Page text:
‘Merchant of Death’ sentenced to 25 years in prison

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International arms dealer Viktor Bout, whose network is alleged to have armed the al-Qaeda and Taliban, has been sentenced to 25 years in prison by a US court for conspiring to supply deadly weapons, including surface-to-air missiles, to a Colombia-based terror group.
A former Soviet

Air Force officer, Bout, dubbed as ‘Merchant of Death’, has also been handed down a sentence of five years of supervised release and fined $15 million.

Prosecutors had sought the life sentence for the 45-year-old arms dealer.

Bout ran an international arms-trafficking ring and is said to have supplied weapons to many dictators who used it against their own civilians.

“Bout has been international arms trafficking enemy number one for many years, arming some of the most violent conflicts around the globe,” Manhattan US Attorney Preet Bharara said.

He said the sentence is a “fitting coda for this career arms trafficker of the most dangerous order” and who has finally been brought to justice in an American court for agreeing to provide a staggering number of military grade weapons to an avowed terrorist organisation committed to killing Americans.

Meanwhile, Russia today condemned the sentencing of Bout as “baseless and biased” and said it would do all it could to ensure his return home.

“The Russian foreign ministry views the US court verdict sentencing Viktor Bout to 25 years in prison as baseless and biased,” the ministry said in a statement.

Bout was convicted in November last year on all four counts for which he was charged after a three-week jury trial before US district judge Shira  Scheindlin.

He was arrested in Thailand in March 2008 and subsequently charged in a four-count indictment in April 2008.

At trial, he was convicted of conspiring to kill US nationals, officers and employees, conspiring to acquire and export anti-aircraft missiles and conspiring to provide material support to a designated foreign terrorist organization – the Fuerzas Armadas Revolucionarias de Colombia.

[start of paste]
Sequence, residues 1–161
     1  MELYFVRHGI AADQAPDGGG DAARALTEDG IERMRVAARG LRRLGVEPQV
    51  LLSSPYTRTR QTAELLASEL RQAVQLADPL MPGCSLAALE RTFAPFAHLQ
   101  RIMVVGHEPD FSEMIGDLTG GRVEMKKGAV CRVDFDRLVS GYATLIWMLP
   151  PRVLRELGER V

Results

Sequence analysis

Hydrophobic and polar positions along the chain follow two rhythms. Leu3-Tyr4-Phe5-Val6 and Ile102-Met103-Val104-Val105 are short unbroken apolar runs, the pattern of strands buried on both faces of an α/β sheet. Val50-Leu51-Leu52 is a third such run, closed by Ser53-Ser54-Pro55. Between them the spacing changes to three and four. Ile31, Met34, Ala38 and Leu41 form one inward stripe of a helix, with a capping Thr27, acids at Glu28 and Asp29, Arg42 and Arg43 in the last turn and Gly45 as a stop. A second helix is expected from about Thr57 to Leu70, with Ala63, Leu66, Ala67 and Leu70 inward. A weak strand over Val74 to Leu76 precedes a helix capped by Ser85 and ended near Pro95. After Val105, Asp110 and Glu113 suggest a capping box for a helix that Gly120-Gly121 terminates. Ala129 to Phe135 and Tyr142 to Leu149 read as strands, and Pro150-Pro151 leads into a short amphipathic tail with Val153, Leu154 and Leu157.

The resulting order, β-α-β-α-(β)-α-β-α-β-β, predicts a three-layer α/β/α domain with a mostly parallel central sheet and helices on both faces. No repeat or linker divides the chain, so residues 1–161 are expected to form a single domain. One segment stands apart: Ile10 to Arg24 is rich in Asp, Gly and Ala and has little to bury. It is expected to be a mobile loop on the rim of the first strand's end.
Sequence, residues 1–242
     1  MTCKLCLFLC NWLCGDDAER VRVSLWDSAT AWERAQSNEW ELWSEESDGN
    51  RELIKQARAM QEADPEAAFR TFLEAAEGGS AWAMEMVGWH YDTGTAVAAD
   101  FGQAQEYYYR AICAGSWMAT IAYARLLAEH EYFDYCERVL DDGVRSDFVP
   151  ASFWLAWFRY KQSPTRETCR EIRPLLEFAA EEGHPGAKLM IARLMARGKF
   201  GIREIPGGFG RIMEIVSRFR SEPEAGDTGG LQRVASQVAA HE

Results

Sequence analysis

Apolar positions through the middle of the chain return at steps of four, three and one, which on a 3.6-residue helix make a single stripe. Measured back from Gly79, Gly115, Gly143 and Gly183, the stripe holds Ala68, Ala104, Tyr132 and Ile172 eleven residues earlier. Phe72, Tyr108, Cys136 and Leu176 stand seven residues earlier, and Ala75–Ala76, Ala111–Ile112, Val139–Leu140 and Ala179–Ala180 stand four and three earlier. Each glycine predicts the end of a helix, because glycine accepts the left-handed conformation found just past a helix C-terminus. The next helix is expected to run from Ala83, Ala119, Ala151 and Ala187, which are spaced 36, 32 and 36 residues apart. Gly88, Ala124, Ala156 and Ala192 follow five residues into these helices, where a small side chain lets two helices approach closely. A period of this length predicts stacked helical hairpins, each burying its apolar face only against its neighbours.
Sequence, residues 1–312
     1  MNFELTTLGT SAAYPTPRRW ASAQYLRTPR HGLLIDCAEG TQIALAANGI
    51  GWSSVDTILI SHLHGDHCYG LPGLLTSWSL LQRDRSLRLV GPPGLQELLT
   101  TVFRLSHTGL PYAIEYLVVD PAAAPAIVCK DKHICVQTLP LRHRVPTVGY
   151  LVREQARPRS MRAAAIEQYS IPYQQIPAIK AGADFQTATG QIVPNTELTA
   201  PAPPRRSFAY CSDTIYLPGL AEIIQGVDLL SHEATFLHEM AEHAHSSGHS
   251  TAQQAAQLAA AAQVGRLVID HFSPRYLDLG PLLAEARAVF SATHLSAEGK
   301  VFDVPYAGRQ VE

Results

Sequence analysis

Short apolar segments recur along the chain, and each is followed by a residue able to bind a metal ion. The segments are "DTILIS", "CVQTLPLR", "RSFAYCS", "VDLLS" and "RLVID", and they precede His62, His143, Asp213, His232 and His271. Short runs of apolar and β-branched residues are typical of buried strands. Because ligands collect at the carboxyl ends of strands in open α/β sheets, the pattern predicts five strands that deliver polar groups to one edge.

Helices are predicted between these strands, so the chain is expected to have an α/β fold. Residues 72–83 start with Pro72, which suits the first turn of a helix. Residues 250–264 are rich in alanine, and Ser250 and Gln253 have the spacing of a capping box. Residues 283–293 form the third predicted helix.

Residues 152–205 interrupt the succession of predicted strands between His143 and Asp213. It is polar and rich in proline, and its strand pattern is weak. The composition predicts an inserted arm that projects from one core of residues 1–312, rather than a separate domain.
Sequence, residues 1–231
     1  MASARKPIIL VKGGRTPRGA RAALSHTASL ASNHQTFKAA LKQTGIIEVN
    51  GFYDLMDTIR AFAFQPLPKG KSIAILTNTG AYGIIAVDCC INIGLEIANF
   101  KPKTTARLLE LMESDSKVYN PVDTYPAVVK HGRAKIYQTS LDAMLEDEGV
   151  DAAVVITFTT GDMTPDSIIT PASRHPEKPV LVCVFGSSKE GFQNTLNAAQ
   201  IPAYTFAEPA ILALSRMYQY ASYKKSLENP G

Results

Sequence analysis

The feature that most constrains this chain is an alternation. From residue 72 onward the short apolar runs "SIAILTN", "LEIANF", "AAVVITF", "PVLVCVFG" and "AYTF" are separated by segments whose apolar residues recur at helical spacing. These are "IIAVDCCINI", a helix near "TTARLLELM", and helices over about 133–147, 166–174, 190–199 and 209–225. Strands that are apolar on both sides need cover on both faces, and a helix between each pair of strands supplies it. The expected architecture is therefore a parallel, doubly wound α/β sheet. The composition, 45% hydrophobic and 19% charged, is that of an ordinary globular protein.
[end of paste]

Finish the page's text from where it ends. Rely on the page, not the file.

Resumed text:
Bout ran an international arms-trafficking network that officials said armed al-Qaeda and the Taliban, and provided weapons for civil wars in Africa. MORE PTI YAS

His legend is said to have inspired the 2005 Nicolas Cage film ‘Lord of War’.

According to the indictment and evidence presented at the trial, Bout agreed to sell millions of dollars worth of weapons to the FARC, including 700-800 surface-to-air missiles, over 20,000 AK-47 firearms, 10 million rounds of ammunition, five tons of C-4 plastic explosives, “ultralight” airplanes outfitted with grenade launchers, and unmanned aerial vehicles between November 2007 and March 2008.

He had agreed to sell the weapons to two confidential sources working with the Drug Enforcement Administration, who represented that they were acquiring them for the FARC and would use them to attack American helicopters in Colombia.

During a covertly recorded meeting in Thailand in March 2008, Bout stated to the DEA sources that he could arrange to airdrop the arms to the FARC in Colombia, and offered to sell them two cargo planes that could be used for arms deliveries.

He also provided a map of South America and asked the DEA sources to show him American radar locations in Colombia.

Bout said he knew the arms would be used against American personnel in Colombia, and advised that, “we have the same enemy”, referring to the United States.

He also stated that the FARC’s fight against US was also his fight and that he had been “fighting the United States…for ten to fifteen years.”

During the meeting, he also offered to provide people to train the FARC in the use of the arms.

The evidence presented at trial included a recording of the March 2008 meeting between Bout, the DEA sources and his former associate Andrew Smulian.

Smulian, charged in March 2008, pled guilty in July 2008 and is cooperating with the government.

Since the 1990s, Bout has been an international weapons trafficker.

As a result of his weapons trafficking activities in Liberia, the US Office of Foreign Assets Control within the Department of Treasury placed him on the Specially Designated Nationals list in 2004, prohibiting any transactions between him and US nationals and freezing his assets within the jurisdiction of the US.

In : World News

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